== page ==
SINDANGAN, PHILIPPINES — The race to feed Asia’s growing population has led to dangerous overfishing near coastlines around the Pacific. As fish stocks near the shore decline, fishermen are trying to boost their catches with techniques that can have dire consequences on species' ability to reproduce.
In the southern Philippines fishing town of Sindangan a certain scene is becoming more common across Asia, with soaring fish prices and falling wild fish catches.
A fisherman says more fishing boats are depleting the region’s once-healthy fish stocks. Across the South China Sea, near-shore fish catches have declined since the 1980s, pushing fishermen to go offshore with bigger boats.
As the catches fall, United Nations fisheries official Benjamin Francisco said fishermen desperately search for tactics to boost their haul.
“Some of them have degrees of destructive impact - the use of fine mesh net, the use of dynamite explosives for fishing - and other fishing gear… that catches juveniles or those that harvest maturing spawning stocks," said Francisco.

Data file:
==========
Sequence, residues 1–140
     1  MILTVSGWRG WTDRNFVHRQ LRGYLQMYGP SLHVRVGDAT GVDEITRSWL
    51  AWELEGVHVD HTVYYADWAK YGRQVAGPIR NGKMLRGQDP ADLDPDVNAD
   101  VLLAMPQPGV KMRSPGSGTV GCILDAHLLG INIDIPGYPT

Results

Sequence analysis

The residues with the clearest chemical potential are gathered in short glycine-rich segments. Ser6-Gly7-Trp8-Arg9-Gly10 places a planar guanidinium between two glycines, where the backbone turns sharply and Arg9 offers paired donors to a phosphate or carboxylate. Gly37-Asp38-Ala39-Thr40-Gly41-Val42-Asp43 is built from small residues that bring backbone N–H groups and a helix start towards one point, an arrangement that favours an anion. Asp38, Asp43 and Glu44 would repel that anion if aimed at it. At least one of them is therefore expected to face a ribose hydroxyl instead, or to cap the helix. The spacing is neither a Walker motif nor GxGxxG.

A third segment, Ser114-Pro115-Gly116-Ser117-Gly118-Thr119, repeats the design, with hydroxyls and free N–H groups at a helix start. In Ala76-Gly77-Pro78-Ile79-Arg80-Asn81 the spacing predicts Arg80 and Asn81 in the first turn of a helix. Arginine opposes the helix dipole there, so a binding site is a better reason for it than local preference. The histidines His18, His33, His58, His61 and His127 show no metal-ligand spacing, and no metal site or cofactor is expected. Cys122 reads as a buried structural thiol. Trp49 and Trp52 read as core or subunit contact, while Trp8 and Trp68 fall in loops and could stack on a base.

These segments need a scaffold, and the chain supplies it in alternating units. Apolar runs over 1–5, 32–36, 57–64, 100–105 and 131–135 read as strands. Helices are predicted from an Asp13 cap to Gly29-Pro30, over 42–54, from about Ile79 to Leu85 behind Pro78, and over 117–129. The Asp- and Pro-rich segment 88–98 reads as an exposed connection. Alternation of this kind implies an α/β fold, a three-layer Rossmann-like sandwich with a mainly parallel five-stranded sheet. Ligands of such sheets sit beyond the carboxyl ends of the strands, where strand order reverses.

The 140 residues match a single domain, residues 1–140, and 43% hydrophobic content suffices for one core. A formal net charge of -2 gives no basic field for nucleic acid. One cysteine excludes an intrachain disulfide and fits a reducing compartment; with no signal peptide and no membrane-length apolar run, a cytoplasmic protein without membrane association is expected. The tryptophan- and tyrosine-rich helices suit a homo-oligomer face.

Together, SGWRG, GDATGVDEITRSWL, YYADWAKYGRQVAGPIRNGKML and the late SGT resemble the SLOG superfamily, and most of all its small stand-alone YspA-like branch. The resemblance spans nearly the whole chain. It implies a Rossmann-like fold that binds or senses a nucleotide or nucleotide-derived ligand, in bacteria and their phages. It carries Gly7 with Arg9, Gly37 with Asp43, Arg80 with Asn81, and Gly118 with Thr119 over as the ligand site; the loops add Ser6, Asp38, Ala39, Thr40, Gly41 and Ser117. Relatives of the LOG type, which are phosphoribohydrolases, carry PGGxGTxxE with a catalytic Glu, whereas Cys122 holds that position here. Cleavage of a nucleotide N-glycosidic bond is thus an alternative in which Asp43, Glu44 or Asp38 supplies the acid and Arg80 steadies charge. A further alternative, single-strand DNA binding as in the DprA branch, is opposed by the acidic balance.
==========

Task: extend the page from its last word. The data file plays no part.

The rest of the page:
Such tactics degrade some species’ ability to regenerate. To tackle the problem, Francisco has been promoting a licensing system to regulate the number of boats on the water.
Asia’s fishing fleets remain the world’s largest, accounting for nearly three million of the world’s four million fishing vessels. And by most accounts those numbers are increasing.
In Hong Kong, there are even more ambitious efforts aimed at regulating fleets, banning trawling near the shore and spending more than $200 million to boost catches by small fishermen. So Ping-man of the Hong Kong Agriculture, Fisheries and Conservation Department is optimistic about their impact.
“…The catch value per unit effort will increase, almost doubling in 25 years time,” he said.
Hong Kong’s measures are costly and out of reach for other countries in Asia.
"The issues are deeply rooted in poverty, the inability of local government to respond immediately, insufficiency of funds," said Francisco.
Sindangan town's fish warden, Julie Buot, said most of the fishermen here use fine mesh nets - gear that has been banned for years because it catches very young fish.
Wilfredo Ortega feeds a family of nine children from small-scale fishing. As monsoon winds begin to hammer the seas, a last-ditch fishing excursion, earlier in the day, resulted in a catch worth only half a dollar.
"In these months, it’s quite tight [difficult]. We can only save [money] during the months of November, December, January. We can save by catching young sardines," said Ortega.
The young sardines may sustain Ortega’s family now, but the catches today mean fewer mature fish tomorrow - and an even riskier future for those who depend on fishing as a last resort.